A new government model up for discussion offers promise for saving rural hospitals from extinction. But preserving essential services such as emergency care will come with difficult trade-offs.
Mirla Coleman, like many rural Kansans, wants more than just seeing her multigeneration farm continue to thrive. She wants her grandchildren to have the amenities and the opportunities she had growing up. And that includes access to a local hospital.
When a community meeting was scheduled a year ago to discuss financial problems at the Decatur Health hospital in Oberlin, she feared the worst and turned out with another 80 or so residents to learn more.
“I keep just hoping against hope,” she says.
“I feel like with medical costs the way they are, and the aging population, it may be coming whether we want it or not.”
The “it” that Coleman fears is the hospital’s closure.
It is a common fear across Kansas, where health care faces a deepening crisis. Seventy-five of the state’s 99 rural hospitals have been operating in the red, some for years, and many are in danger of closing.
Now, a new model that offers a possible path to survival is coming. But it comes with its own set of challenges.
Included in Congress’ year-end COVID-19 legislation was the establishment of a rural emergency hospital designation, a new class of Medicare provider with higher reimbursements. It’s designed to help communities hang onto services that residents consider the most crucial – 24/7 emergency care, routine family practice services and more. The trade-off is giving up acute inpatient care, a sacrifice likely to be emotionally painful for many communities.
The Centers for Medicare & Medicaid Services still needs to adopt numerous rules and regulations by Jan. 1, 2023, the implementation date. But the Legislature adopted and Gov. Laura Kelly has signed legislation that changes Kansas law to be compatible with the new federal designation.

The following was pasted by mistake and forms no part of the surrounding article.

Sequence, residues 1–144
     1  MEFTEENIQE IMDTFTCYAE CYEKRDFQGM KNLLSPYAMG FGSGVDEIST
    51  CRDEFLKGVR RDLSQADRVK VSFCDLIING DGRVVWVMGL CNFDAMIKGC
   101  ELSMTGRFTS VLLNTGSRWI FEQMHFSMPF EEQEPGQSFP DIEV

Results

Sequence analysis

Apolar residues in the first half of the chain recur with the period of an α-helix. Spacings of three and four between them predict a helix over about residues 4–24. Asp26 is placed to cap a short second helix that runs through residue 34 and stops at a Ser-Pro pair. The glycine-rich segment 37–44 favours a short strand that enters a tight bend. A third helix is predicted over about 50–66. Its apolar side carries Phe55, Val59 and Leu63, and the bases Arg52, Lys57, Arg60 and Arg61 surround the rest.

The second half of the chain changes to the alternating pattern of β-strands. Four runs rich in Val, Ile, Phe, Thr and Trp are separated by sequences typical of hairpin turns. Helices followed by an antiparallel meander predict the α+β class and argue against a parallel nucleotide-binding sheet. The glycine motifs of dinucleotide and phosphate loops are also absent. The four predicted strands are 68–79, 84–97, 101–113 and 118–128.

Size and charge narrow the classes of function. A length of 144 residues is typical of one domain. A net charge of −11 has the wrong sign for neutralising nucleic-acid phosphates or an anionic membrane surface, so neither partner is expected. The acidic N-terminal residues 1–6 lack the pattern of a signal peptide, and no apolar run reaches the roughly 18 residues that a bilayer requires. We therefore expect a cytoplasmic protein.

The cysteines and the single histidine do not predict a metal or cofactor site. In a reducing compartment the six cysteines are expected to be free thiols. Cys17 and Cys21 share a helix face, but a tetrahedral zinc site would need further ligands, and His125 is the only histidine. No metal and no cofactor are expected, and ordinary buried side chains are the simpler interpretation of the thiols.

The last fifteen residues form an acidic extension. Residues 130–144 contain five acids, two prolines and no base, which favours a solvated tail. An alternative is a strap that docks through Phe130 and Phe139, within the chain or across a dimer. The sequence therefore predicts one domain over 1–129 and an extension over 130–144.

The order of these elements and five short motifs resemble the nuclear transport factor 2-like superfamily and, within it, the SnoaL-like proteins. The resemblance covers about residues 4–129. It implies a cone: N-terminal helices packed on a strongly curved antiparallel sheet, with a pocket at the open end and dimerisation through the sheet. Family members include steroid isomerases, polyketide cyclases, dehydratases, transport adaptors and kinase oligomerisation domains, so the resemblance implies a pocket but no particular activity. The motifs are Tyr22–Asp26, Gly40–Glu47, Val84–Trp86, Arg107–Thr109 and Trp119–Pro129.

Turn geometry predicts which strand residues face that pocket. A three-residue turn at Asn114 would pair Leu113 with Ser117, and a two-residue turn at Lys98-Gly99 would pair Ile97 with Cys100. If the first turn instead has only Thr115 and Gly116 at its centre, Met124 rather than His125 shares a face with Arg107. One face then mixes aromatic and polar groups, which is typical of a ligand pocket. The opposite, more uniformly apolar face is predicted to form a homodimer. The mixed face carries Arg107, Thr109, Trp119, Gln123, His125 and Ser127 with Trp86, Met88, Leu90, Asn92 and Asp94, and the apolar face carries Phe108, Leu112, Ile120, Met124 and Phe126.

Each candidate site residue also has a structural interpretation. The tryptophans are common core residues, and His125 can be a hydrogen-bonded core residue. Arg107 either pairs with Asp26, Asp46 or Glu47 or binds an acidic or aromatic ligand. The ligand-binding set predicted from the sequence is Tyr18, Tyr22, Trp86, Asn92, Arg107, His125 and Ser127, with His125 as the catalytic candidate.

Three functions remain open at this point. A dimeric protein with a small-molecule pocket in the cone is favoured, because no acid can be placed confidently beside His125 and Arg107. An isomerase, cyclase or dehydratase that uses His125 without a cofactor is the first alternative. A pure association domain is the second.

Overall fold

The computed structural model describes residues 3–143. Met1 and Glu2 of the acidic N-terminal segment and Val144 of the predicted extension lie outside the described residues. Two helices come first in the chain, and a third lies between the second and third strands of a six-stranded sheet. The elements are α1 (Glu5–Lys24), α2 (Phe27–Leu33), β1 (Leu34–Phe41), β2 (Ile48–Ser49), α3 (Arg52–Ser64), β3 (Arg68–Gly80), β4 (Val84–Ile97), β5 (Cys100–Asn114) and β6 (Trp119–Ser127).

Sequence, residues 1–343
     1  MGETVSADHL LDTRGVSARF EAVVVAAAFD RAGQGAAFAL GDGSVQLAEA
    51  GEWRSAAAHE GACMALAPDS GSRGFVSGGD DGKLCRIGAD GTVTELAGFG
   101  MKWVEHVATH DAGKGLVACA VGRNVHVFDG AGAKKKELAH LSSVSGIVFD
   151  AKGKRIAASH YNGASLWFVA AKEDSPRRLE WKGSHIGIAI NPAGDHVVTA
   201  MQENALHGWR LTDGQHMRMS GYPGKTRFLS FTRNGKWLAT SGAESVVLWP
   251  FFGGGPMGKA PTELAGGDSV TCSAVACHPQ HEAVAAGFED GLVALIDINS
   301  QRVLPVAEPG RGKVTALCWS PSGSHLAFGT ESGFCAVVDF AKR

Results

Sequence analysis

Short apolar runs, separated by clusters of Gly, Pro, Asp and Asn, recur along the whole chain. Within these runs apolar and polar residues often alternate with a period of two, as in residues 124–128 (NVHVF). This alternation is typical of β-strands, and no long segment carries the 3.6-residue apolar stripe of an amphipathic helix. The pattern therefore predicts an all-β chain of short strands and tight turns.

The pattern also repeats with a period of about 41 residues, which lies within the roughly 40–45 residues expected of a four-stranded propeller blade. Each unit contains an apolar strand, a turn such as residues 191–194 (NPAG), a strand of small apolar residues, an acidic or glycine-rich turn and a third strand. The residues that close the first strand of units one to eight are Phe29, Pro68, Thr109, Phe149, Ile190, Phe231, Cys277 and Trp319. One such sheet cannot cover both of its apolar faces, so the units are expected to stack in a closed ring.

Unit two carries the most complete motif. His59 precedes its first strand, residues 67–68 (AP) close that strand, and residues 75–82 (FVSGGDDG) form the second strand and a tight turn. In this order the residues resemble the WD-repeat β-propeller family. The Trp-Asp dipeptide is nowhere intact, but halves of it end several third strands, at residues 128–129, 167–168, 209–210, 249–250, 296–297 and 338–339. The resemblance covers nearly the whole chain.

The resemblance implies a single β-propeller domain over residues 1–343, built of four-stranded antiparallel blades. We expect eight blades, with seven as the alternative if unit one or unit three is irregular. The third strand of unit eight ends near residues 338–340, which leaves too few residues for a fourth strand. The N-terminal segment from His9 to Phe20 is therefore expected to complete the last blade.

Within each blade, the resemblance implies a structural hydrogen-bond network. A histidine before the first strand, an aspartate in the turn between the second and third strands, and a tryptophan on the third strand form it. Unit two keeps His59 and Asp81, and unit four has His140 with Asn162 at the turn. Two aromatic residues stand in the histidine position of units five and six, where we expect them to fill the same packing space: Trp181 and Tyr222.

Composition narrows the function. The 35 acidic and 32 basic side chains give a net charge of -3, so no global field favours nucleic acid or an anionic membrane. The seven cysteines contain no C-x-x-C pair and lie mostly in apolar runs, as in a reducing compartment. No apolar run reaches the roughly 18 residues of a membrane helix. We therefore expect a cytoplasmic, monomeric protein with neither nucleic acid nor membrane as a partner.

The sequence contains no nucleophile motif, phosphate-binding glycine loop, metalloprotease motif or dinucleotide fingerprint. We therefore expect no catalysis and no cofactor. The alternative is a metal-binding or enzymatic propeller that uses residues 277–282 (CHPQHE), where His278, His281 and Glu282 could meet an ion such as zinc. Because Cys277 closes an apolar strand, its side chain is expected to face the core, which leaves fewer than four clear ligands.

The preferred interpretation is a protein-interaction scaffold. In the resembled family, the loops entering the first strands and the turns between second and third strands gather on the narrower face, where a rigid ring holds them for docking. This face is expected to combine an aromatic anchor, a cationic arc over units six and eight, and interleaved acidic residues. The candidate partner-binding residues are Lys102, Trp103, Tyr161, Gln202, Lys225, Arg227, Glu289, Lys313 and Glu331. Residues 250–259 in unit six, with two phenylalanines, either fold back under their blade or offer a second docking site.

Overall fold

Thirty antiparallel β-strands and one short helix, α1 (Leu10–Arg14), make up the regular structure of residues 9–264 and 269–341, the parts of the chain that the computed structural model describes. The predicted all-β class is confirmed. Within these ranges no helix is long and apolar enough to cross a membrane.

Over the next year and a half, the Kansas Hospital Association, in partnership with the Kansas Health Foundation and the United Methodist Health Ministry Fund, will bring a conversation like the one in Oberlin a year ago to more communities. The idea is to help residents understand the financial problems facing their hospitals and the implications of the new legislation. The University of Kansas Public Management Center will facilitate the discussions.
“We know there are a lot of things that have to be considered,” says Jennifer Findley, the hospital association’s vice president for education and special projects. “Our goal is to make sure that we address as many impacts and potential impacts as possible to help communities decide if the model is a fit for them.”
Navigating change is never easy, but understanding the necessity for it and having time to plan for it can help communities avoid the painful jolt of having their local hospital turn out the lights and lock the door, says Kris Mathews, chief operating officer for Decatur Health, which serves Oberlin and surrounding communities.
“Just the idea of giving up on inpatient care leaves a bad taste,” Mathews says. “Our community was not infatuated with the idea. However, if it comes down to either giving up inpatient care or losing the hospital altogether,” the choice became pretty clear.
County residents approved a mill levy increase in 2016 and Mathews says the hospital has benefited, but finances are still far from ideal.